Once a humble house built by three monks to worship Buddha, Po Lin Monastery on Lantau Island is now a large and important temple. Its crowning glory, the giant Buddha statue facing the monastery, is an object of veneration for devotees and one of Hong Kong’s most popular tourist sights. The statue dominates the area from a plinth reached by more than 260 steps. On a clear day, the view across the valleys, reservoirs and peaks of Lantau makes the climb worthwhile.

  • MTR to Tung Chung, then No. 23 bus, or No. 2 bus from Lantau Island’s Mui Wo ferry terminal

  • MTR to Tung Chung, then Ngong Ping 360 Cable Car to village.

Cable Car

  • 10am–6pm Mon–Fri (to 6:30pm Sat), 9am–6.30pm Sun, hols

  • single/return HK$58/$88


  • 9am–6pm daily

Big Buddha

  • 10am–6pm daily

  • Free

Falun Gong at the Big Buddha

In 2000, during an official meeting on the mainland, Po Lin’s abbot spoke out against the Falun Gong, the semi-religious sect that’s outlawed and repressed in China. As a result, local members of the so-called “evil cult” held a big demonstration near the Big Buddha, protesting that their promotion of physical and spiritual health through tai-chi style exercises is not evil.

Main courtyard

If you can face an early start, stay overnight at the Hong Kong Bank Foundation S G Davis Hostel (2985 5610) close to the Tea Gardens and rise before dawn to see the sunrise from the summit of nearby Lantau Peak.

If you don’t fancy the cheap vegetarian food available inside the temple, take a picnic and wander the nearby footpaths for a good spot.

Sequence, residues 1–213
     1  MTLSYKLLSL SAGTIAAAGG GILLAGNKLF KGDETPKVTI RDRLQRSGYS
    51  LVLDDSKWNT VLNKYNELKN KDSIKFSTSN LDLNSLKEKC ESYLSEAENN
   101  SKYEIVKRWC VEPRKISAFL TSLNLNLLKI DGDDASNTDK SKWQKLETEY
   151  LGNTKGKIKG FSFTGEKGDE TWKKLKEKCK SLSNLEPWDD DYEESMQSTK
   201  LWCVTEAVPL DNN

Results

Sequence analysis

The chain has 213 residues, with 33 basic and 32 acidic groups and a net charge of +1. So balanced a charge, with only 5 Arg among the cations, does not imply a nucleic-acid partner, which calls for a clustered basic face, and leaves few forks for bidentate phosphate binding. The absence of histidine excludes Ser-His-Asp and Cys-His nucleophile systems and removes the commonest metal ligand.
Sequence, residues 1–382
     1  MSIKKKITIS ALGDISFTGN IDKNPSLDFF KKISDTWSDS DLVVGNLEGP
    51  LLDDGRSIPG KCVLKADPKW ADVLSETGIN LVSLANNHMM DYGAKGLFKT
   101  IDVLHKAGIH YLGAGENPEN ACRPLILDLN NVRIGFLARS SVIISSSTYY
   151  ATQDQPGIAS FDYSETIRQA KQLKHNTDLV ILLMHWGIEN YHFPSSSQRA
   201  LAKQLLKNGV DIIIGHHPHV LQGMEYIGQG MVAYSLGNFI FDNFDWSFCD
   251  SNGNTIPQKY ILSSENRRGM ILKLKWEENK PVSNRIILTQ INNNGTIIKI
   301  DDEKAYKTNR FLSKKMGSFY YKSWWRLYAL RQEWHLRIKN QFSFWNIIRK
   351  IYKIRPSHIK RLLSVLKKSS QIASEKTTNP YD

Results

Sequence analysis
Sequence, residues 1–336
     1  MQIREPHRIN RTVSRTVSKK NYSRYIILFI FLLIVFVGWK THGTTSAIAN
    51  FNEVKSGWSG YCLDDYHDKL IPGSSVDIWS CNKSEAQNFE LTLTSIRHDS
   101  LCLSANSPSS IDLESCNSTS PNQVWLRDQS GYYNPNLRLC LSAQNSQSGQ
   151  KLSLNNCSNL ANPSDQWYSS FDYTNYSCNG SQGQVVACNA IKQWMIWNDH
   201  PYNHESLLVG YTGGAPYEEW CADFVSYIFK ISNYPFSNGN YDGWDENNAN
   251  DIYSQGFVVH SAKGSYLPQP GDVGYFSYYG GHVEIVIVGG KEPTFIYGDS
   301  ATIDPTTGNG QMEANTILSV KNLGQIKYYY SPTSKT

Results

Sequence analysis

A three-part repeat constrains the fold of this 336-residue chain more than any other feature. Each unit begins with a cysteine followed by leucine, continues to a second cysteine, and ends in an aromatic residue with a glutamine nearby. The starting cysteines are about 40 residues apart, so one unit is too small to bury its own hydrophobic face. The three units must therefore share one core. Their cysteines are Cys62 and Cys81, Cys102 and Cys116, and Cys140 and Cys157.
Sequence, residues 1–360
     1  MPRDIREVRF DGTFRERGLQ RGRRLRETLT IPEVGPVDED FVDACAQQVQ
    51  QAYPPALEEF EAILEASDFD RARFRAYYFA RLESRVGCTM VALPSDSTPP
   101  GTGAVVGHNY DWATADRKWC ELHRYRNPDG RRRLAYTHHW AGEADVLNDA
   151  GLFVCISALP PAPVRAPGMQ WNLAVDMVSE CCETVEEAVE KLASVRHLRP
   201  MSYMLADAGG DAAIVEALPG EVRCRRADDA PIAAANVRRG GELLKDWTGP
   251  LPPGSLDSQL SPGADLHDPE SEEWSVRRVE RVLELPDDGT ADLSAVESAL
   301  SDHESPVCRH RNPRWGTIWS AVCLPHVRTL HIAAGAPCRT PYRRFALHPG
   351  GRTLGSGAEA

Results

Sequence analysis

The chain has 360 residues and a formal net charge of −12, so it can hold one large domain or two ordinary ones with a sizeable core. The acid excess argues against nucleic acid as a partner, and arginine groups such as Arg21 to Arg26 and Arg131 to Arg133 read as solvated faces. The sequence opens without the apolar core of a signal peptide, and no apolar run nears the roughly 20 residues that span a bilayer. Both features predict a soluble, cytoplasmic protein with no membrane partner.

Top 10 Sights
  1. The Big Buddha

    Standing a lofty 26 m (85 ft) high, this mighty bronze statue is among the largest seated Buddha images in the world. The statue, which was cast in more than 220 pieces, sits on a throne of lotus – the Buddhist symbol of purity.

    View of the Big Buddha
  2. Monastery

    Attracted by its seclusion, Buddhist monks began arriving on Lantau in the early 20th century. The Po Lin or “precious lotus” monastery really developed as a place for pilgrimage in the 1920s when the Great Hall was built and the first abbot appointed.

  3. Tea Gardens

    The Tea Gardens just west of the Buddha statue boast their own modest tea plantation. The café sells tea leaves from the bushes and makes a pleasant shaded place to enjoy a drink or cheap Chinese meal away from the crowds.

  4. Ngong Ping 360Cable Car

    The cable car ride from Tung Chung to Po Lin is an attraction in itself. The 5.7km (4 mile), 25-minute journey provides sweeping views across the North Lantau Country Park and to the distant South China Sea .

  5. Great Hall

    The main temple houses three large golden Buddha images. Don’t miss the ceiling paintings, the elaborate friezes around the exterior and the elegant lotus-shaped floor tiles.

  6. Bodhisattvas

    On each side of the staircase are statues of Buddhist saints. They are venerated for deferring heaven in order to help mortals reach enlightenment. Throw a coin into their cupped hands for luck.

  7. Relic Inside the Buddha

    A sacred relic of the real Buddha (a tooth in a crystal container) is enshrined within the Buddha image, but is difficult to make out. Below the statue is a display about the life of the Buddha and his path to enlightenment.

  8. Footpath Down to Tung Chung

    Walk back down to Tung Chung MTR via the lovely 4-mile (7-km) wooded path through the Tung Chung Valley. You will pass some small monasteries including Lo Hon, which serves cheap vegetarian lunches.

  9. Monks and Nuns

    You may glimpse the grey-robed, shaven-headed nuns and monks at prayers in the old temple behind the main one. Entry is forbidden to tourists during the 3pm prayers.

  10. Temple Gateway

    Guarded by twin lions, the temple gateway is said to replicate the southern gate to Buddhist heaven. As found elsewhere in the temple, the gateway is decorated with reverse swastikas, which is the holy sign of Buddhism. The three Chinese characters at the top read “Po Lin Monastery”.

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